Suzuki Issues A Recall For Just One Person's Car

If you want to buy a car from a company that actually, genuinely seems to give a damn about you, then I think Suzuki may have just proved themselves to be worthy of your business. I say this because it appears that Suzuki has issued a recall for a minor issue affecting some of their 1996 Cappuccino roadsters. And by “some,” I mean “one.”

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This notice seems to have been first brought to the attention of the non-that-one-Cappuccino-owner population via this tweet.

Here’s the recall notice from Suzuki; translated, it reads:

Contents of trouble: There is a cylinder block sold as a replenishment part that does not have embossing of the prime mover “K6A”. Therefore, it is not possible to confirm the identity with the vehicle inspection certificate on vehicles equipped with the cylinder block.

Content of improvement: Replace the prime mover model with a cylinder block that has been engraved.

So, it looks like the cylinder block on the 658cc engine is missing the identifying K6A stamp, which seems like that could cause an issue for the car to receive its inspection certificate.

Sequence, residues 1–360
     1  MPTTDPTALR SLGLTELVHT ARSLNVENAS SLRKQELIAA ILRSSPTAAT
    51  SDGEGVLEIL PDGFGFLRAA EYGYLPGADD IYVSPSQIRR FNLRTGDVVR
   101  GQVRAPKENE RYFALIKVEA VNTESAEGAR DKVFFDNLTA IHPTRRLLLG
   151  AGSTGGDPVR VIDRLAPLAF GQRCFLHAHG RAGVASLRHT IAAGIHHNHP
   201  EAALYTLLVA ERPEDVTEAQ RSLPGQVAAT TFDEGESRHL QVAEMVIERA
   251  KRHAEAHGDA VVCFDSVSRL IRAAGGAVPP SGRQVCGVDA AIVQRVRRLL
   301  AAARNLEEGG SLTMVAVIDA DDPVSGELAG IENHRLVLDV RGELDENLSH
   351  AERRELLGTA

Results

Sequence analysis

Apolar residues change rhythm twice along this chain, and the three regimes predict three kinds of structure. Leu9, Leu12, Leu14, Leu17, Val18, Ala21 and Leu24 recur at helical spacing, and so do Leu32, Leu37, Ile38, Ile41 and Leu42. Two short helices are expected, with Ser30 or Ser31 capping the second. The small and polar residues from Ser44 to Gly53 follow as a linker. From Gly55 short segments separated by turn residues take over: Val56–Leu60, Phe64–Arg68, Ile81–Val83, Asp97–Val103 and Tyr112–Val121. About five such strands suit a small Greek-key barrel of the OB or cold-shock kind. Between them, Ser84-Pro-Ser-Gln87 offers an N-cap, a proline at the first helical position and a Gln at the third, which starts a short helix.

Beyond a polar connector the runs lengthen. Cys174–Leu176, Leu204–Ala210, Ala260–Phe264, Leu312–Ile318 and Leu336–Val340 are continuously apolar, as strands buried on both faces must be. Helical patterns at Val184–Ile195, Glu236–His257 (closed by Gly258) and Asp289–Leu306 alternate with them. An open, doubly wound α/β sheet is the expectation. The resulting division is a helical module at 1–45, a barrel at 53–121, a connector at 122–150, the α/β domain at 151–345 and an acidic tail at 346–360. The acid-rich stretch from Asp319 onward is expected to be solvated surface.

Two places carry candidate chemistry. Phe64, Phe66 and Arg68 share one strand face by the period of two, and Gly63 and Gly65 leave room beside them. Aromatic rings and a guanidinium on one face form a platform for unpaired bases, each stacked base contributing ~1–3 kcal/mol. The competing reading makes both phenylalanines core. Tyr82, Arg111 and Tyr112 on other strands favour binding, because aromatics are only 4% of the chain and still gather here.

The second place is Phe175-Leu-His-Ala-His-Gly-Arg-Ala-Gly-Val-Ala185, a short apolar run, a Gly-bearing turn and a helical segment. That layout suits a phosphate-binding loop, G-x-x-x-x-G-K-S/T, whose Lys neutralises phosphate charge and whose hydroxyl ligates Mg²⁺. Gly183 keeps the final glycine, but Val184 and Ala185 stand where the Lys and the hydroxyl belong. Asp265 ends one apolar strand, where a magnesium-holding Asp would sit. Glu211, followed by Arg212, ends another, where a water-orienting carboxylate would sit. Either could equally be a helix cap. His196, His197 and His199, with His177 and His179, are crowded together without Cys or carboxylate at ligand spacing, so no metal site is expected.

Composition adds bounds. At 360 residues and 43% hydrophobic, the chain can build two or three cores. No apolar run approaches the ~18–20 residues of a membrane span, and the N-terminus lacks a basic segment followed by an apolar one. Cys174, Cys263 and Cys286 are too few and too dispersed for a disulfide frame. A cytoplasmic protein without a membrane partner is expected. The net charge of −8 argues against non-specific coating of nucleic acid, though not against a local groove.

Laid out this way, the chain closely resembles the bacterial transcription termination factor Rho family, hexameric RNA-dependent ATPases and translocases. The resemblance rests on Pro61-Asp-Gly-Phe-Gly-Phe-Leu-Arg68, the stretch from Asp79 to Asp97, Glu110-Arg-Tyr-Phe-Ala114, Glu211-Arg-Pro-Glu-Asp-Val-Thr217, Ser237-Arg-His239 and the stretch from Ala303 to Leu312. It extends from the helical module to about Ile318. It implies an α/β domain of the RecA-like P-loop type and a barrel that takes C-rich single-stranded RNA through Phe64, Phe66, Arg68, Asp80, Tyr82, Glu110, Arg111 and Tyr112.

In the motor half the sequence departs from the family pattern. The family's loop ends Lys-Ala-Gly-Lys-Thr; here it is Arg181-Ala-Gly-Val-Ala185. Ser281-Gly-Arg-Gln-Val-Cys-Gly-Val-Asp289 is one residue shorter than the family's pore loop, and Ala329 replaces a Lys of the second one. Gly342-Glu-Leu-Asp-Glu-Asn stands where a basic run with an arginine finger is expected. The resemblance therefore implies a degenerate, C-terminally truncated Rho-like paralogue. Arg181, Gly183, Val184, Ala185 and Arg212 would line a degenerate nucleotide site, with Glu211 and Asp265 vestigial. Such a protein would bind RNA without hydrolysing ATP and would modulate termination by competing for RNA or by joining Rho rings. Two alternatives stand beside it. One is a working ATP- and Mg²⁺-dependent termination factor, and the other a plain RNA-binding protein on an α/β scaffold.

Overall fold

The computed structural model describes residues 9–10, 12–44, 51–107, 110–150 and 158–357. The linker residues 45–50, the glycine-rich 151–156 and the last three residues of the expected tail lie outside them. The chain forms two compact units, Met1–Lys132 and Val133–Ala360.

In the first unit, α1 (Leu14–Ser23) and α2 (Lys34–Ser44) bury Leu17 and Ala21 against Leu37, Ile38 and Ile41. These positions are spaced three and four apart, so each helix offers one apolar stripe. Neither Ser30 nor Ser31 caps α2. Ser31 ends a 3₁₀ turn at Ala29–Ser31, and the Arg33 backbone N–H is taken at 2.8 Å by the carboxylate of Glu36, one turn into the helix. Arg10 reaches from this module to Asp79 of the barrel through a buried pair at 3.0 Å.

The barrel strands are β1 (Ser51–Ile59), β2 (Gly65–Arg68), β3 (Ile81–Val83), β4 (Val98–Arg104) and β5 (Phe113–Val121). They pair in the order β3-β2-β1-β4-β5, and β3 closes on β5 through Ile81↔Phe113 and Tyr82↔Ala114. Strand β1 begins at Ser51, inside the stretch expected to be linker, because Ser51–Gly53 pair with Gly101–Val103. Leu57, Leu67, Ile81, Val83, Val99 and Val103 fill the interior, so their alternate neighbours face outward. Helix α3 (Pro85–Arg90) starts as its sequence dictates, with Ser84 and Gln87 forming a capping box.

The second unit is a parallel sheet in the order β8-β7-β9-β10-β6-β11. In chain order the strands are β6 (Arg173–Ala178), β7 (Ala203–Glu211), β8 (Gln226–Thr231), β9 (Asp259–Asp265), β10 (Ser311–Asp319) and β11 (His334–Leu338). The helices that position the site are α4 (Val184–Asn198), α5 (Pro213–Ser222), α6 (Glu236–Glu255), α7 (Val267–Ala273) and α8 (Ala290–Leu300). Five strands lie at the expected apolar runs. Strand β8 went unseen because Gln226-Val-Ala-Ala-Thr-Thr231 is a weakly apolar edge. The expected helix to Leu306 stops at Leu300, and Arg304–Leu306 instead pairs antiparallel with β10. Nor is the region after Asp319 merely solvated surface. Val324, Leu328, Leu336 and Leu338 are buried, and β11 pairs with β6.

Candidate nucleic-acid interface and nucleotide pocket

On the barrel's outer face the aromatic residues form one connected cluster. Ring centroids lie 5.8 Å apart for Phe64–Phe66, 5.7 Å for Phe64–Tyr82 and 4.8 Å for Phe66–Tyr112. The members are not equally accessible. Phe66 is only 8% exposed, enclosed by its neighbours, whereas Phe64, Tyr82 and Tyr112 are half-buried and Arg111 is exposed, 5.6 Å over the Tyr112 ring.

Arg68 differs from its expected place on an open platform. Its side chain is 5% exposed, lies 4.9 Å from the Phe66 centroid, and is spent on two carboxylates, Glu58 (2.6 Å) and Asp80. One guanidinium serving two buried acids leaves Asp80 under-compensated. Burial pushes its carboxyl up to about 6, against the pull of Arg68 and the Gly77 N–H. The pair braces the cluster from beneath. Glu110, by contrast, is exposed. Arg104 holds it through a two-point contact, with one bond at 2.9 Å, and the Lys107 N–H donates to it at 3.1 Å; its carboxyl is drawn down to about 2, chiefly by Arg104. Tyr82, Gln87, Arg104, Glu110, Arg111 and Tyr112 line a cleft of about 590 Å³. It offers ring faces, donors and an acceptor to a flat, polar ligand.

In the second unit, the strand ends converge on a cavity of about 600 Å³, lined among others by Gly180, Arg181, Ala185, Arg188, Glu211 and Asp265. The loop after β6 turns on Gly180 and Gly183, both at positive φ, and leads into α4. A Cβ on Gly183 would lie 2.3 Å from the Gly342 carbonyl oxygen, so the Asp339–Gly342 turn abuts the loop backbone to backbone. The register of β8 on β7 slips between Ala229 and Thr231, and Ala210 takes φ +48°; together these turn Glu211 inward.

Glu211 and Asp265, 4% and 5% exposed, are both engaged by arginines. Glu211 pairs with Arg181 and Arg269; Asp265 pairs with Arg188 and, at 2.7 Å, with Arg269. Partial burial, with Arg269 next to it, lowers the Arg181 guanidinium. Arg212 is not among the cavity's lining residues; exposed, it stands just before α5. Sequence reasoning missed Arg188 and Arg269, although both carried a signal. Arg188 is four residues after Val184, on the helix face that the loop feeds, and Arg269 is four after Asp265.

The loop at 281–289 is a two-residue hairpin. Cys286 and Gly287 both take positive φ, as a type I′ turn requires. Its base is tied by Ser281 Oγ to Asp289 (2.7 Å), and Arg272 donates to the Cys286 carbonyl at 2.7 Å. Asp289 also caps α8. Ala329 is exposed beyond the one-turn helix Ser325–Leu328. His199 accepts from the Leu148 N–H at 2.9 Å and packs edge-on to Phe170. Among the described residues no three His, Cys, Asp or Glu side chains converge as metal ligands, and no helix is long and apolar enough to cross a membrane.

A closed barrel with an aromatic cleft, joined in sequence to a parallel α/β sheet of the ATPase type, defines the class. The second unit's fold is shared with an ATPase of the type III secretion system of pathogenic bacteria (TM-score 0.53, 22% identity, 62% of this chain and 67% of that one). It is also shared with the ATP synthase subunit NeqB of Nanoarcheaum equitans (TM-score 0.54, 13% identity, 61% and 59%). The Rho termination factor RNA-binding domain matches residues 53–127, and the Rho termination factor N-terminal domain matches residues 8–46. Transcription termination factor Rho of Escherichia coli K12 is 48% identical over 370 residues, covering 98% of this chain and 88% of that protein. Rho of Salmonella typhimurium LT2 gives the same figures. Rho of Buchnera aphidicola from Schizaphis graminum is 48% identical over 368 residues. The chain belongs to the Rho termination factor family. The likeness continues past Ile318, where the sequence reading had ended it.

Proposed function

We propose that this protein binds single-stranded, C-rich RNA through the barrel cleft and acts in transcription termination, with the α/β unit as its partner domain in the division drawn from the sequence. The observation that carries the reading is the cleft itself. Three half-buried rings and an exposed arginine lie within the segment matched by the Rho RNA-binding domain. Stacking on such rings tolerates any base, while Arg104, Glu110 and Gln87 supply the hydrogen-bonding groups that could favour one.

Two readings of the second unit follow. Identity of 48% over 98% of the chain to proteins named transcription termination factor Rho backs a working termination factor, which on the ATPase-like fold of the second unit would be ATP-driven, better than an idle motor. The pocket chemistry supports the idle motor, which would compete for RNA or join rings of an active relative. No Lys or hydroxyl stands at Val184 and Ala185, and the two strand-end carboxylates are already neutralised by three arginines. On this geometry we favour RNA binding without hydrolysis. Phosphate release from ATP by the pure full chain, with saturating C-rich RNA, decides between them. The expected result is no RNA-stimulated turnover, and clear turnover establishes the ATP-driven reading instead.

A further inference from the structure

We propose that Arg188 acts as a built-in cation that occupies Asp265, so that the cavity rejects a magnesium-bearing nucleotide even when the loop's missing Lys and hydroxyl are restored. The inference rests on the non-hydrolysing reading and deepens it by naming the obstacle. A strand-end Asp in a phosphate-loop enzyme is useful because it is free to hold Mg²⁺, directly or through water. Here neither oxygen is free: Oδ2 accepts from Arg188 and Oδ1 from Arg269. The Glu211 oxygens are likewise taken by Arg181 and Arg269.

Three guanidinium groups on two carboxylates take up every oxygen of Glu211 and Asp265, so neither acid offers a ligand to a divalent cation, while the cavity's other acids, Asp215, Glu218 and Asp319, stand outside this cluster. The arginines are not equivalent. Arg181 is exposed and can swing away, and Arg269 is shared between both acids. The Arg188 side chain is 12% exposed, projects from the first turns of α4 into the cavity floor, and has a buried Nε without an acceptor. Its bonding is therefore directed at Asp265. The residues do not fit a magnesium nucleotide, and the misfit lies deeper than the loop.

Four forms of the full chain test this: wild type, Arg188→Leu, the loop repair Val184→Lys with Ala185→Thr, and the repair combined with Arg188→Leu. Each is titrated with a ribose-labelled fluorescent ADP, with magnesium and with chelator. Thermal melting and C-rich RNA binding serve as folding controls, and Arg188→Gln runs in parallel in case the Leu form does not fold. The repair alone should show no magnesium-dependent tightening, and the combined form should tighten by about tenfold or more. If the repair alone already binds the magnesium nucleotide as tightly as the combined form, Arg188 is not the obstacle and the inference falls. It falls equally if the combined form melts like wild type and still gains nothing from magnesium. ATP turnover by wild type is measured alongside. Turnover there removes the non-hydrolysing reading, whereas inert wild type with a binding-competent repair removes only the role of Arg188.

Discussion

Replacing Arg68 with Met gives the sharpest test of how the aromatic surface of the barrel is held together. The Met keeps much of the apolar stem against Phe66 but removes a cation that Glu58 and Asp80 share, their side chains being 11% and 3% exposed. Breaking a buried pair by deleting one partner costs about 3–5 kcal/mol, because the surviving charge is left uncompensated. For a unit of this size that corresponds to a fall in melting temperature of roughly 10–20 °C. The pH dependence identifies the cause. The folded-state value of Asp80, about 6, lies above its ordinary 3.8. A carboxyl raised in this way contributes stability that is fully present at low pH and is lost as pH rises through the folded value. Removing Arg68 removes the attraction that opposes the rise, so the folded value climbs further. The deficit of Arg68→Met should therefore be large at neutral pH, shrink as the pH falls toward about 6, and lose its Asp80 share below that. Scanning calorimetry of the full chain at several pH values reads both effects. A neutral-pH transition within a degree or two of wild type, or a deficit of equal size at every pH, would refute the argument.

Why did this just now become a recall-worthy issue? Does Japan only decide to check the engine block identification stamp when the car turns 21? I’m confused.

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Amazingly, the solution seems to be to replace the whole engine with one that has a properly stamped engine block.

They can’t just stamp the engine block somewhere while it’s in the car?

Still, that’s not the best part. The best part is this:

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See that? In the ‘Number of vehicles subject to service campaign?’ part? There’s one. One car. That’s it. That’s the whole recall.

I also like that Suzuki provides a handy visual diagram for what has to be done to that lone, solitary car:

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So, Cappuccino owner without a properly stamped engine block: did you get on this? Get your car to your Suzuki dealer! This is a recall, after all. If you don’t get it stamped, post-haste, Suzuki might send a helicopter to your house, pick up your little Kei car, fly it to a factory, stamp it, and send it back with a terse note from the original builder demanding you take better care of your car.

Suzuki is really, really counting on you to get this recall settled.

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About the author

Jason Torchinsky

Senior Editor, Jalopnik • Running: 1973 VW Beetle, 2006 Scion xB, 1990 Nissan Pao, 1991 Yugo GV Plus • Not-so-running: 1973 Reliant Scimitar, 1977 Dodge Tioga RV (also, buy my book!)